The Delhi high court on May 31 set aside two orders issued by the Delhi government last year prohibiting private schools from collecting annual charges and development fee during the Covid-19 lockdown, and held that schools may collect these charges for the last academic year retrospectively, on a monthly basis, but only after a 15% reduction in lieu of unutilised facilities (such as water and electricity) in the lockdown period.

DoE later challenged the single-bench decision, but the court refused to stay the order, after which the Delhi government on June 15 filed a Special Leave Petition (SLP) in the Supreme Court against the ruling.

The education department in its affidavit said that tuition fees cover the standard cost of running the institution, including salary, dearness allowance provisions, bonuses, etc, and other terminal benefits concerning academic activities.

However, schools were still levying annual charges, which cover expenditure not included in tuition fees such as expenses on sports equipment, cultural and co-curricular programmes distinct from other activities of the school, despite no such expenses made during the lockdown period.

“...The learned single judge has failed to examine that in most cases, the expenditure on salary and establishment is only 40-50% of the total fees charged by the school. However, in some cases, it is 70%, which means each and every school has sufficient funds in hand after charging tuition fees to meet its expenses,” DoE said in its affidavit submitted with the SLP.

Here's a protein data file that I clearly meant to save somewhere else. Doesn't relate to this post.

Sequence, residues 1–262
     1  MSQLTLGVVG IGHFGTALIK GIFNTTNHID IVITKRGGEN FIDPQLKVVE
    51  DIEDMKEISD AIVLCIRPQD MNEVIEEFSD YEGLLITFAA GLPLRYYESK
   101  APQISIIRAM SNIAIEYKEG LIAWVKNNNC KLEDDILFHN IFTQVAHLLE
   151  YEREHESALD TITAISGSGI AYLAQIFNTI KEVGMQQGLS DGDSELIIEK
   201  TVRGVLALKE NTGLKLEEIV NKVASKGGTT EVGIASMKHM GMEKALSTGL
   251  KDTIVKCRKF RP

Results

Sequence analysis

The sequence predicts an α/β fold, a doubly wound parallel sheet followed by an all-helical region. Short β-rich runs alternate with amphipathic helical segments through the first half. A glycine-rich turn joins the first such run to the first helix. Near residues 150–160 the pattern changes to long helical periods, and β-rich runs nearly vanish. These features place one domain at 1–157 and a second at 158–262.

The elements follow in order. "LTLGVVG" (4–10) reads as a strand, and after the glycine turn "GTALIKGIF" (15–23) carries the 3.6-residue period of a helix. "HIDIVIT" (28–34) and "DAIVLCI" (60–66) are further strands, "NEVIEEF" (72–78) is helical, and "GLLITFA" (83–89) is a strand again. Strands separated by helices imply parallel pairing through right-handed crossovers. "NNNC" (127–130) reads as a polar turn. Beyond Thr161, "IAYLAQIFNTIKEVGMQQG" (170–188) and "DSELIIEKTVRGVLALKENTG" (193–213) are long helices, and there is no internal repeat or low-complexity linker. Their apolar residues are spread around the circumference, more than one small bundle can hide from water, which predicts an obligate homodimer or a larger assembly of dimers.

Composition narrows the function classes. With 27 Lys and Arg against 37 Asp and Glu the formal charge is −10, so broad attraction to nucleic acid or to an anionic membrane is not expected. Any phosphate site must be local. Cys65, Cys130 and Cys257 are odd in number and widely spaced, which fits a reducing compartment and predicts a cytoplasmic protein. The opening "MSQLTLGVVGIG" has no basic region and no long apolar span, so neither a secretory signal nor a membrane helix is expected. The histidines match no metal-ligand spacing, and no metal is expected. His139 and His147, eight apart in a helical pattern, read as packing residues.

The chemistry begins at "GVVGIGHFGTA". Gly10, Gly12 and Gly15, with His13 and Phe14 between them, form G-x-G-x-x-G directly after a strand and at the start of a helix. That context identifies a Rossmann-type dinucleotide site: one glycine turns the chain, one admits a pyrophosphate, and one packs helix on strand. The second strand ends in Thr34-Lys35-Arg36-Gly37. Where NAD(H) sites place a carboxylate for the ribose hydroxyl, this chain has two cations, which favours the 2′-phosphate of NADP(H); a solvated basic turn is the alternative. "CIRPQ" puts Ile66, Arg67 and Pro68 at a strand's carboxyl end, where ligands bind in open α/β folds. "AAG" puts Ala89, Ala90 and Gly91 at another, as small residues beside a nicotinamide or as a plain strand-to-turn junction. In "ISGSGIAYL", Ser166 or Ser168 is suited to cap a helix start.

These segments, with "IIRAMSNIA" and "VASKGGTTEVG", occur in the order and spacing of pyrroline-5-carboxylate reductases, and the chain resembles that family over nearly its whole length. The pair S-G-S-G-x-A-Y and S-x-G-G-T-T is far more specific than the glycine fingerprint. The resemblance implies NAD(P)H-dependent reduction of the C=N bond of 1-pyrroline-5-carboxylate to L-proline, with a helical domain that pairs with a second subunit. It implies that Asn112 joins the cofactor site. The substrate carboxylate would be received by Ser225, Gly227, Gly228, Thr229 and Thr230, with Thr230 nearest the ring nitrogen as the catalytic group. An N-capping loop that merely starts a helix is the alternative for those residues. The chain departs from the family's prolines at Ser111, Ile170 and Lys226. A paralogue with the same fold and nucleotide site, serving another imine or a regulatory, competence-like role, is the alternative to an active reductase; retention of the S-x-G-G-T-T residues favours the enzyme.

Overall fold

Officials at New Green Field School in Saket, which the government affidavit said has 2 crore surplus funds, said their institute has been in the red since 2019.

“Just tuition fees are not sufficient to cover teachers’ salaries. As per an audit, as on March 31, 2020, we had a deficit of 2 crore. We have no idea how the government termed it a surplus amount,” said Ashwani Kumar, manager of the school.

SK Bhattacharya, president of the action committee of private schools, said, “Schools are on the verge of shutting down due to the Covid-19 situation, with many not able to meet even the essential salary expenditure. Many schools can only meet salary demands by using the annual charges and development funds. Moreover, the DoE has not allowed any fee increase since 2016-17, which has made the situation more dismal for numerous schools.”

Advocate Kamal Gupta, who represents the private schools’ body, argued: “The Delhi School Education Act and the judgments of the Supreme Court and high court repeatedly held that capital expenditure can be incurred from fees received by the schools. However, DoE has continuously disallowed such capital expenditure, apart from disallowing the statutory funds maintained or required to pay gratuity to the staff, the contingency reserve for payment of salaries, and depreciation reserve fund mandated by the Supreme Court, and is coining a surplus.”

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Tuesday, October 26, 2021